• Abi Kroupa

The Benefits Of Music For Horses

The research supporting music therapy is one of the most significant reasons it has become a widely accepted treatment for a range of disorders and diagnoses in adults and children. But, can it help our horses as well?

Music has a significant effect on human emotions. It can make people feel happy, sad, energized, excited, or relaxed. Have you ever had a song come on the radio that makes you immediately smile or feel content?


Science has proven that listening to music directly affects mood-enhancing chemicals in humans. Specifically, an increase in Dopamine and Endorphin levels and a decrease in Cortisol levels. Endorphins are a group of chemicals that help to relieve stress and boost happiness. Dopamine has a part in our cognitive, emotional, and behavioral functioning and plays a direct role in the reward experience induced by music. Cortisol is a stress hormone that is shown to be dramatically lower while listening to relaxing music. The lowered levels help ease anxiety and create more of a feeling of well-being.


So how does this relate to music and your horses? Well, the first significant benefit is the relaxation of the rider. Listening to “calming” music (Songs that are generally less than 80 beats per minute) releases chemicals in the body that can decrease the rider’s heart rate, minimize stress, and help even the most anxious rider relax. From our heartbeats to our brain waves, our bodies and our horse’s bodies are naturally hardwired with rhythm. Music can help horses and riders to find that rhythm together.

Research at the Swedish University of Agricultural Sciences reported that an increase in a human’s heart rate directly affects the heart rate of the horse they are leading or riding. In fact, horses can hear the heartbeat of their human from four feet away. This is why our horses have an uncanny ability to sense the slightest adjustment in our energy and mood when interacting with them.


So do horses like music?

While playing classical music to stabled horses, researchers from one study measured cortisol levels and heart rate and noted significant signs of relaxation. Additional researchers from a separate study discovered that music positively affected racehorses’ performance and overall well-being over the investigation. They were more relaxed and performed better in races than their counterparts who had not been exposed to music. It should be noted that benefits were more evident when horses were exposed to lower BPI music such as Classical, Country, or music below 100 BPI (beats per minute).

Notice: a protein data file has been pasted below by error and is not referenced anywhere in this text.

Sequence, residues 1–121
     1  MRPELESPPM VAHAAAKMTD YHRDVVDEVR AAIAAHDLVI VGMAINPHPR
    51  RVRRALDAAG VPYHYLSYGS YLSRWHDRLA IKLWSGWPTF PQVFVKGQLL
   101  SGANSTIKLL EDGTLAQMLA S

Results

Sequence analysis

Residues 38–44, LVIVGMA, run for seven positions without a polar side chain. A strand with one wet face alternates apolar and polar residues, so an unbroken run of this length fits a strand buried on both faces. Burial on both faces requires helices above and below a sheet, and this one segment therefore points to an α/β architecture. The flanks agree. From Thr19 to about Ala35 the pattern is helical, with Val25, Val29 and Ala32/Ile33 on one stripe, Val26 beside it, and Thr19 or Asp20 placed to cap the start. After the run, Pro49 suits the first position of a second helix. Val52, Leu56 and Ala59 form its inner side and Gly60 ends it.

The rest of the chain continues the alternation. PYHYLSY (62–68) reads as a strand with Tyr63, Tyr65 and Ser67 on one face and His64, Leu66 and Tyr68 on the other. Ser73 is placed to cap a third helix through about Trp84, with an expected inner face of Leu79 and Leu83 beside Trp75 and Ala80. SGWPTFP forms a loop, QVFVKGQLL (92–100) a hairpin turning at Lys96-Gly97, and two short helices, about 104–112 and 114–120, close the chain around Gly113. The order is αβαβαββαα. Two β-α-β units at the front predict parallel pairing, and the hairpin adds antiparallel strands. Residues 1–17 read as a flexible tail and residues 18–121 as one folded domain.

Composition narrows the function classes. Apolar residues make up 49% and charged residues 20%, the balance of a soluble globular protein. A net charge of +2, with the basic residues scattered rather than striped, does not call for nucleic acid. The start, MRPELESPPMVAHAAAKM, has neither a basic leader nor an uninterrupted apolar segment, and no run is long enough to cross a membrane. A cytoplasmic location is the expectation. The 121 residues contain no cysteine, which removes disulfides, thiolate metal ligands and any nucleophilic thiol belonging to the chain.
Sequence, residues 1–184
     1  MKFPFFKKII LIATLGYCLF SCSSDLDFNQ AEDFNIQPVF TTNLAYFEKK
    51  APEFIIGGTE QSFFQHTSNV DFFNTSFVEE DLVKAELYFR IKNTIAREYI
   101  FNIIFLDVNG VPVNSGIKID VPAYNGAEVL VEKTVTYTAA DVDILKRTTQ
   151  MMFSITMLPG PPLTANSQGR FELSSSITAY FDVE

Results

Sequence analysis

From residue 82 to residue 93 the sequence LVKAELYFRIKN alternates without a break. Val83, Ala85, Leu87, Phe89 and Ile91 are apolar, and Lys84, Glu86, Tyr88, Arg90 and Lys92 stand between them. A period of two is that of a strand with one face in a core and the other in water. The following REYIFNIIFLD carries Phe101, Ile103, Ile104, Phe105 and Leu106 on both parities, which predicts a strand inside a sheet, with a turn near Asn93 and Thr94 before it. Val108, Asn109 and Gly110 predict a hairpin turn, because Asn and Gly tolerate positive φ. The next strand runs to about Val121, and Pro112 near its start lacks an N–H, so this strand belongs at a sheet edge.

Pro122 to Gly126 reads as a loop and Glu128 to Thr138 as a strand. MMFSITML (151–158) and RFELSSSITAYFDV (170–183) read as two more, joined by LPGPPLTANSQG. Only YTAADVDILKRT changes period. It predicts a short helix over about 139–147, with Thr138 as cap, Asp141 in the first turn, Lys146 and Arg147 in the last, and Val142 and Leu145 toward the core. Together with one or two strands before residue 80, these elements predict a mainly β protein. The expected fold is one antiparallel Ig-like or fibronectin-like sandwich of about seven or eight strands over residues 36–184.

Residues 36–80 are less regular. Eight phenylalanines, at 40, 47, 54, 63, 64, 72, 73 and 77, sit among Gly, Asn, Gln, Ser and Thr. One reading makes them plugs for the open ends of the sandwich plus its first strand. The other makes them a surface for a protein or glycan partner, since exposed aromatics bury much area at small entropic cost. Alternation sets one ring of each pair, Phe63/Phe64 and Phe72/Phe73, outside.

Some people may be worries that playing background music while riding or in the stable will block out too many natural environmental sounds that horses use for situational awareness. However, research and equestrians have found calming success with using music therapy with horses. Though horses have a more extensive hearing range than humans, we enjoy relatively similar frequencies of noise. The number of sound vibrations emitted per second in noise is its frequency which is measured in hertz (Hz). The lower (or higher) the frequency, the lower (or higher) the pitch of the sound. Humans have a Hertz range of 20-20,000. Horses have a Hertz range of 55 – 33,500.


There are many ways to use music at home for the benefit of your horses and yourself. It’s best to test different kinds of music for your horse and observe his behavior before implementing any long-term music therapy. Particularly music therapy that is used during stressful situations.


You can play music for your horse:

  1. While riding. Having music playing while you’re riding can help you focus on the tempo and beat of your horse. It can help you relax if you are an anxious rider. Just like dancing can help you relax your hip joints, listening to music can also help you relax your hips and seat as a rider.

  2. During grooming or a nice massage. Science proves that massages help relax horses similar to people. Adding music to this routine can further increase the benefit of their massage!

  3. In the barn and managing stressful situations. Visits from the farrier, vet, or dentist are no fun. Neither is transport or recovery from illness or injury. Situations like fireworks and storms can also be a very stressful time for horses. Playing relaxing music can help block out stressful sounds or just help your horse deal with their anxiety during a difficult time

References: